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A growing number of scientists now believe that gut bacteria can influence mental health.


“Thank you, you’ve never even met me and yet you’ve changed my life.” That was the sign-off in an e-mail from a man named Mike that arrived at the office of Dr. James Greenblatt, a psychiatrist and the chief medical officer of Walden Behavioral Care in Waltham, on July 24. Greenblatt is not unused to such effusive gratitude, but usually it comes from his patients.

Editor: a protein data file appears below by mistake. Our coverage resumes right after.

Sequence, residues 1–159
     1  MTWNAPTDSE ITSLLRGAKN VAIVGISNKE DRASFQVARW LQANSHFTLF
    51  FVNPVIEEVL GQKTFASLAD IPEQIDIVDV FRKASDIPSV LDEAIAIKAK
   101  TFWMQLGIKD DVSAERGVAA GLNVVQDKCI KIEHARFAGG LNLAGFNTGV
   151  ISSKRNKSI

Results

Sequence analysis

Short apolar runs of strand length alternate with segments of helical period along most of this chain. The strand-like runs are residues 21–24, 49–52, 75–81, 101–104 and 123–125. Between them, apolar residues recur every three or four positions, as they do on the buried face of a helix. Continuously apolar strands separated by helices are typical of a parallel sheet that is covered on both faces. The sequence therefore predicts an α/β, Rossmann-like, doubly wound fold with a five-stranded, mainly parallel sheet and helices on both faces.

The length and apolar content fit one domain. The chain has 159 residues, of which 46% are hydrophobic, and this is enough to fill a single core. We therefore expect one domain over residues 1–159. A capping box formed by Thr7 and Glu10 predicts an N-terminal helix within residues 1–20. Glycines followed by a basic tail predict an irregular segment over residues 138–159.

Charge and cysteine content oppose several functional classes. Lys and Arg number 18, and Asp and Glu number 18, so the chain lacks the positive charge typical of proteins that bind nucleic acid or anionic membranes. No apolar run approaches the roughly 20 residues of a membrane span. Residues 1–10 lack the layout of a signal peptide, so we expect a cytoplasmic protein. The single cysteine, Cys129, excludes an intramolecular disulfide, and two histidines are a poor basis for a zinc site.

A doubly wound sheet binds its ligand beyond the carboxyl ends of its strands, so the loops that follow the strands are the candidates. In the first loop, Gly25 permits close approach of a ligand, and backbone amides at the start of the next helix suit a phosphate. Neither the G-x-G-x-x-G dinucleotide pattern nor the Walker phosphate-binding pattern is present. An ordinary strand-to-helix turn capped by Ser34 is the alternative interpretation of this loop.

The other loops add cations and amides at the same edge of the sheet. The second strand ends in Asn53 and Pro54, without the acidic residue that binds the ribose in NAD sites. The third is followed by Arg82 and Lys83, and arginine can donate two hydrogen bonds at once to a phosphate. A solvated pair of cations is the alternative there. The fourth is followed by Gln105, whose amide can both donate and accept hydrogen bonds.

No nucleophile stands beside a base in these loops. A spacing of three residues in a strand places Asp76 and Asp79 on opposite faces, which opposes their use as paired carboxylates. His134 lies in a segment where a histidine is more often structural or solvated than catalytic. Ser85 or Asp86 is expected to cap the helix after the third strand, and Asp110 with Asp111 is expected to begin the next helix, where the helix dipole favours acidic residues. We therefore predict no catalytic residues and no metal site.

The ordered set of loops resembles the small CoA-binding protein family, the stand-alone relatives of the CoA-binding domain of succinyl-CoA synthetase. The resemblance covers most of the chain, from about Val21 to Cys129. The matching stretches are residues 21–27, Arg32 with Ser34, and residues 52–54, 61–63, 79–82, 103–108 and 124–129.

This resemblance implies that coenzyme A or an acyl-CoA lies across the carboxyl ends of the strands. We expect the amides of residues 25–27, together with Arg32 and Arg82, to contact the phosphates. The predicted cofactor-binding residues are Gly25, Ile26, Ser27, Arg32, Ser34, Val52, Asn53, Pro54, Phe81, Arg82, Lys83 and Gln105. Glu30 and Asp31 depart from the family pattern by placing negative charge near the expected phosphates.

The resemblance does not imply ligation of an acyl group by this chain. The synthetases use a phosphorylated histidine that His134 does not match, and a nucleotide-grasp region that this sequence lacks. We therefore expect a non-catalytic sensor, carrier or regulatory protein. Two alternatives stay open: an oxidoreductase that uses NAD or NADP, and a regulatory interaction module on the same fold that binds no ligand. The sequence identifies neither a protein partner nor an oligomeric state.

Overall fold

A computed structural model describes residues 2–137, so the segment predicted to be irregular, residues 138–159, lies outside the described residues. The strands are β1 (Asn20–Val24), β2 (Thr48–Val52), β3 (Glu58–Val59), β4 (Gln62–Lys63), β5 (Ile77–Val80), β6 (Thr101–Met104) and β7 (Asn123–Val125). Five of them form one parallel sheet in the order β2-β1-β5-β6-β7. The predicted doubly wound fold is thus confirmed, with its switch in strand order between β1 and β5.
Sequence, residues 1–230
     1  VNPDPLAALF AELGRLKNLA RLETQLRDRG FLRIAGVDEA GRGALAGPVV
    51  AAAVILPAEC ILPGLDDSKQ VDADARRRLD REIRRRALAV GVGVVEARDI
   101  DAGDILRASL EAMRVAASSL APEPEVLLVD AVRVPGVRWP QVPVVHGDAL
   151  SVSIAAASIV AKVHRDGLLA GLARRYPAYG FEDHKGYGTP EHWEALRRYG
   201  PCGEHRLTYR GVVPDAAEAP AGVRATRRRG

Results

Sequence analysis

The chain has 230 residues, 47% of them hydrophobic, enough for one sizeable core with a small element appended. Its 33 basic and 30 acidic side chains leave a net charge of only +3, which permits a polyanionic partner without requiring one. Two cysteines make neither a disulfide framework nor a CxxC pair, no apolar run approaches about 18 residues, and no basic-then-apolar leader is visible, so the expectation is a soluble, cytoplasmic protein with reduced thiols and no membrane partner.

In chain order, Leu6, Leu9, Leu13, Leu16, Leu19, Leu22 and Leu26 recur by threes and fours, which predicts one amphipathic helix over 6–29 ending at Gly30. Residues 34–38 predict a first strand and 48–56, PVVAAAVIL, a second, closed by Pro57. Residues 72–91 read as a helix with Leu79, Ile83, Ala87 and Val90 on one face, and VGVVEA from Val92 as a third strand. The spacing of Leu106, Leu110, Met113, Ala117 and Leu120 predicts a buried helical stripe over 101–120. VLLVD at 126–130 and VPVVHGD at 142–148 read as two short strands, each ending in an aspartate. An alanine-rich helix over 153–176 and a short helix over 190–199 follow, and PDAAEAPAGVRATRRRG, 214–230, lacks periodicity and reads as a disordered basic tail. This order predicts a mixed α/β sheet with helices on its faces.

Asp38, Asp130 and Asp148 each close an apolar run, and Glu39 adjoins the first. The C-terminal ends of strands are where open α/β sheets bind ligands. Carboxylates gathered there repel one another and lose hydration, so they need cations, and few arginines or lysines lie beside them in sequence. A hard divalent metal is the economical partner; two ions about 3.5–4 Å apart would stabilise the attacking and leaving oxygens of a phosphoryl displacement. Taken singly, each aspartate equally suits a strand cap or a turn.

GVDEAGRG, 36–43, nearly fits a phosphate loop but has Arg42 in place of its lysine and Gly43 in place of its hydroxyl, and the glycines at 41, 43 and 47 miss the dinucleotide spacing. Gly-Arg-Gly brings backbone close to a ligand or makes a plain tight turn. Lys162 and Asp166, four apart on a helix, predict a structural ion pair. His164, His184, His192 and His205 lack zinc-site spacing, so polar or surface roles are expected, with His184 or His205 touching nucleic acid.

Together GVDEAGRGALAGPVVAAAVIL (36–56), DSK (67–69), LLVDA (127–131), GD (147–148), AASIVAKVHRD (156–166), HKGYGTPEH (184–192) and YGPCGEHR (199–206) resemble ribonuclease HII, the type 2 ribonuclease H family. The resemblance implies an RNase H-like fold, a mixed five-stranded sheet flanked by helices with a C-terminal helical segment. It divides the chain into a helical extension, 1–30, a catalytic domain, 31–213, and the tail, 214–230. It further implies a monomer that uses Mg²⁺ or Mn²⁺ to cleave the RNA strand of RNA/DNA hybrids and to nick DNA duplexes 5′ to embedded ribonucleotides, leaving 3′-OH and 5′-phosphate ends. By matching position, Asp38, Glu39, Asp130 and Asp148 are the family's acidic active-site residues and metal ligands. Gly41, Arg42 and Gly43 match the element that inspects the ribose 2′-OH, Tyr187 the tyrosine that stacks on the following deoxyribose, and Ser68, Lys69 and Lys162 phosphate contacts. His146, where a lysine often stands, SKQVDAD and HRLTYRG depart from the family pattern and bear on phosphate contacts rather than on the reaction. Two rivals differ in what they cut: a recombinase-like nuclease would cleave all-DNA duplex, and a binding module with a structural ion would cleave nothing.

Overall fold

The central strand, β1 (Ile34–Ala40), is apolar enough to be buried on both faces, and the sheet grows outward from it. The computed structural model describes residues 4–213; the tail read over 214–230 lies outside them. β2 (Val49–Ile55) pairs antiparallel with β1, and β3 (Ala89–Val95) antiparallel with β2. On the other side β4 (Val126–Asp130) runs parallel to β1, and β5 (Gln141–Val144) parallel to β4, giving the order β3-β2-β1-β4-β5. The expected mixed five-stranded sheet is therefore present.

Mike, though, lives in Colorado, where he had read an article online about how Greenblatt had treated a young woman with severe obsessive-compulsive disorder using traditional psychotherapy and medication coupled, less traditionally, with probiotics — capsules filled with live “good” bacteria. Within six months, her symptoms were gone. Mike also had issues with anxiety — he’d started obsessively pulling his hair out 15 years earlier — but no one had been able to help him. Mike began treating himself by taking the strongest over-the-counter probiotics he could find and after a couple months, he noticed the urge to pull had disappeared. “IT WORKED!” Mike later wrote in a blog post.


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